Transitioning Your Children to Become Older Siblings with Ease

By Lindsey Johnson

Adding a new member to the family is a big transition for older children. They sometimes feel left out or question their place in the new family dynamic. It is a time of change for the whole family but there are some tactics to employ that may help ease the uncertainty when a child is becoming the older sibling.

Delay Other Major Changes

A new baby is a major disruption to the daily routine and family flow. This will take a period of adjustment for all family members. This is not the ideal time to make other major changes such as introducing potty training, transitioning to a toddler bed, starting daycare for the first time, or taking away the pacifier. If you are ready to make these changes, it might be best to do it as far as possible before the birth of the baby or wait a few months after the baby’s arrival.

Involve Older Children in Preparations and Care

Nemours Children’s Health System recommends involving older children in the preparations for the new baby. Allowing them to help make decisions about the nursery, providing input on the name, or if possible, attending a prenatal appointment or ultrasound can help them feel included. Mayo Clinic also suggests enrolling in a sibling class at the hospital, preparing your child for their arrangements when the baby arrives, and explaining to them that new babies spend most of their time crying, sleeping, and eating.

Create Special Time with Older Children

When the new baby arrives, parents will be inundated with newborn care. However, it is very important to create some special time with older children so they feel included. Enlist help from family and friends to watch the baby for a short time so you can create a new memory with your older children. Also utilize your support network to help with care for your older child. Keep in mind that your children crave your attention so carving out time dedicated solely to them, regardless of activity, will speak volumes to them.

Parents Share Some of Their Tried and True Approaches for Introducing a New Member to the Family

Jeremy Clements’ Story

Jeremy Clements, father of Jonny 12, Emma 10, Lucas 6, and Andrew 3, shares how they introduced the new babies to their older children. “We started conditioning our children for the arrival of a baby brother/sister early on.

We talked about how their mother’s belly was growing and how they were once in there too, which was mind blowing for them, in a good way. Every week we would look at the progress on and tell the kids how big the baby was, which was exciting for them. We encouraged them to touch their mom’s belly and talk to the baby. We included them in announcing to the world that they were going to be a big brother/sister and we let them feel like they were a part of the process by letting them have input in the final selection of names, getting special toys just from them and giving them special tasks they could do to help take care of their baby. I think communicating with the kids and incorporating them into the process was very important for their acceptance of the changes,” says Clements.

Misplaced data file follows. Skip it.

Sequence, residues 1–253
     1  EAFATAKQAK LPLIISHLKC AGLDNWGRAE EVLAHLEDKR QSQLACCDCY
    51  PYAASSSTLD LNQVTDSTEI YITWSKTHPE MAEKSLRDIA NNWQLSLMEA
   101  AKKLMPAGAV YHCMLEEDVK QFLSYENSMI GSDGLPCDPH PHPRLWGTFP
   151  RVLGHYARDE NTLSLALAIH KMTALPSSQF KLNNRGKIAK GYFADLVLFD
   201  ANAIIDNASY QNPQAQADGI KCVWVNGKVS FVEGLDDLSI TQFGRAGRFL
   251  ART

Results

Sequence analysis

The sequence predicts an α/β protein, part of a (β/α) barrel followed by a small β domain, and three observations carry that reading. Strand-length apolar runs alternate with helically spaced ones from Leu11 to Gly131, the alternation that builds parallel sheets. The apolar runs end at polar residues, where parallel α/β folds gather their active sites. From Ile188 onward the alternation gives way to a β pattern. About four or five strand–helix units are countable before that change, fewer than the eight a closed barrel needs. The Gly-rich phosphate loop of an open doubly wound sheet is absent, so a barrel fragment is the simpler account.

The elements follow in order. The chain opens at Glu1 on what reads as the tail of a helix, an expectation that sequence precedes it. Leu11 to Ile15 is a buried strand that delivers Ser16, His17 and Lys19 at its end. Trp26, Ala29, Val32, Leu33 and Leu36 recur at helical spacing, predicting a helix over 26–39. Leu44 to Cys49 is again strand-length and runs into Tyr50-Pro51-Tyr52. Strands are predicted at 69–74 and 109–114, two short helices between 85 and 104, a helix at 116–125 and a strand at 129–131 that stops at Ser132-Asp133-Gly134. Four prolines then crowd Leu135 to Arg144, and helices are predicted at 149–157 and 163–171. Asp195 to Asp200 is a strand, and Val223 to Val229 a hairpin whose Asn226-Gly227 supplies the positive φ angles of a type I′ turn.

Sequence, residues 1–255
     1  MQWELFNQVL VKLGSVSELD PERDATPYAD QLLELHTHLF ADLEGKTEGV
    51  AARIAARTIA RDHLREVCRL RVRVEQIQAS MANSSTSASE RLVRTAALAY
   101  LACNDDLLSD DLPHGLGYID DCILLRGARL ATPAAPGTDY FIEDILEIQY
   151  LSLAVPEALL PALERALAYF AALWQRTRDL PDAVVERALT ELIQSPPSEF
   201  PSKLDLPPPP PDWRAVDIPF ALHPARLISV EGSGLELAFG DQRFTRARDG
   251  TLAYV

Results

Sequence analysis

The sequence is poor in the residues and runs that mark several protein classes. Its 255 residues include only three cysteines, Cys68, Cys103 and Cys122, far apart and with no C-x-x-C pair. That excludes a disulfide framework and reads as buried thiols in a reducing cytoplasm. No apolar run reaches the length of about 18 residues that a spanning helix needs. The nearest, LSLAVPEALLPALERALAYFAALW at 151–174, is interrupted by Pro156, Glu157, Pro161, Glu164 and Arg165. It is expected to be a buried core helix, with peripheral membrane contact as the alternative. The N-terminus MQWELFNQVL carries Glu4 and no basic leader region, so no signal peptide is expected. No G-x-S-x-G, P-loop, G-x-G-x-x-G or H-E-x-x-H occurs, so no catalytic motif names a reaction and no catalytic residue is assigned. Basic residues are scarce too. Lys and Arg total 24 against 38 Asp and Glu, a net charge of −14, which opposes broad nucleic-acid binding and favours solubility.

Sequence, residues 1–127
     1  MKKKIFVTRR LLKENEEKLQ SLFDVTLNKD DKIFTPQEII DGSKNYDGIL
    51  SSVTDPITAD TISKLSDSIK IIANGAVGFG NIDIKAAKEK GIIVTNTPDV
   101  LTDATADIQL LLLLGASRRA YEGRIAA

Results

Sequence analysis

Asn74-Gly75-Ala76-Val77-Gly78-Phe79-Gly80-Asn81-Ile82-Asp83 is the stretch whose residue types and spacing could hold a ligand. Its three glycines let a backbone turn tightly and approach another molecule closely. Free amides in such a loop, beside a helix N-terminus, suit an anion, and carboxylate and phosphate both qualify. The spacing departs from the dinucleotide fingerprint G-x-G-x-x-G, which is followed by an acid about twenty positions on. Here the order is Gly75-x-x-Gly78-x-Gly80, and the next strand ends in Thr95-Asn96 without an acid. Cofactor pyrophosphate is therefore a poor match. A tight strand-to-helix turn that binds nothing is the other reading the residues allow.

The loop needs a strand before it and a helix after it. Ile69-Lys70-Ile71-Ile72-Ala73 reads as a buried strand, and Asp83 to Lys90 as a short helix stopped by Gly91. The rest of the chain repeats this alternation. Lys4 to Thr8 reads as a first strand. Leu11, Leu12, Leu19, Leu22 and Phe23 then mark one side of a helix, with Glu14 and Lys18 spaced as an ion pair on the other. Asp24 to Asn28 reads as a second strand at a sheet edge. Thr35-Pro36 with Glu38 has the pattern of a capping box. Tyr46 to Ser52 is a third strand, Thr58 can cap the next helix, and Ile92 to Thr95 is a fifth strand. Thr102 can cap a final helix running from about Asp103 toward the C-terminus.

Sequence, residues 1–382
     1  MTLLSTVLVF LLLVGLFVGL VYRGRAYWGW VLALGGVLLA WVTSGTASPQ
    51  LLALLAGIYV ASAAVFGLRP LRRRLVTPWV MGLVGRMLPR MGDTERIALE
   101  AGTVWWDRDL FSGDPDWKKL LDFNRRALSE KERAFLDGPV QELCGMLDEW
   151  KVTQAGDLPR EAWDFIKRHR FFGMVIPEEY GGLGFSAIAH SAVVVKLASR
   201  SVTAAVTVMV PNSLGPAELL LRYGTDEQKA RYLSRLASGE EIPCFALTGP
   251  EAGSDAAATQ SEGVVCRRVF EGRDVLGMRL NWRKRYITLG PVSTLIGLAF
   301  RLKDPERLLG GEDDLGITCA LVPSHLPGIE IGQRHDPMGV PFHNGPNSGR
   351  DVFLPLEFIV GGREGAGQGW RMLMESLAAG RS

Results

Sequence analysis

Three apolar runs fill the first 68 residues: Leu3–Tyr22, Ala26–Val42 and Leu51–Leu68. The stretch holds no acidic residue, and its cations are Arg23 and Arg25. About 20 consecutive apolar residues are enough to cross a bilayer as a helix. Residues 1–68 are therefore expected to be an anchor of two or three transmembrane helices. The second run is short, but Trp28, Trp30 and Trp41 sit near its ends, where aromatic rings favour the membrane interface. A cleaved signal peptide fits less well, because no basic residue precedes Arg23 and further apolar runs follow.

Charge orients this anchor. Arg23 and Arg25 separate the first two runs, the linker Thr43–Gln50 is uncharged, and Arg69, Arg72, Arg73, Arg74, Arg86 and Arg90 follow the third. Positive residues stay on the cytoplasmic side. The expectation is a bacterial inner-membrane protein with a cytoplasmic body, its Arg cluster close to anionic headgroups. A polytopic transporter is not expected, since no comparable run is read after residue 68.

Teneill Russell’s Story

Teneill Russell, mother of Pepper 11, Lincoln 9, and Lucia 6, states, “My kids loved having a baby in the house. I tried to have my older kid(s) be involved in decisions when possible. For example, my son picked out what color carseat to get for my youngest. My oldest picked out the clothes that her baby sister wore home from the hospital. She was also able to spend a couple hours alone at the hospital with the baby and I, just us three girls. Six years later, she still remembers that as being really special. We also tried to make sure the older kids weren’t feeling neglected. My husband spent extra time with them the first few months, in part to give the baby and I some peace and quiet but also to help them feel loved, wanted, and to have fun.”

The most important thing to consider when adding a new family member is to make sure older children feel involved. It is also critical to make sure that they feel their place in the family is not threatened. Quality time is the most effective way to ensure a smooth transition to the new family dynamic.

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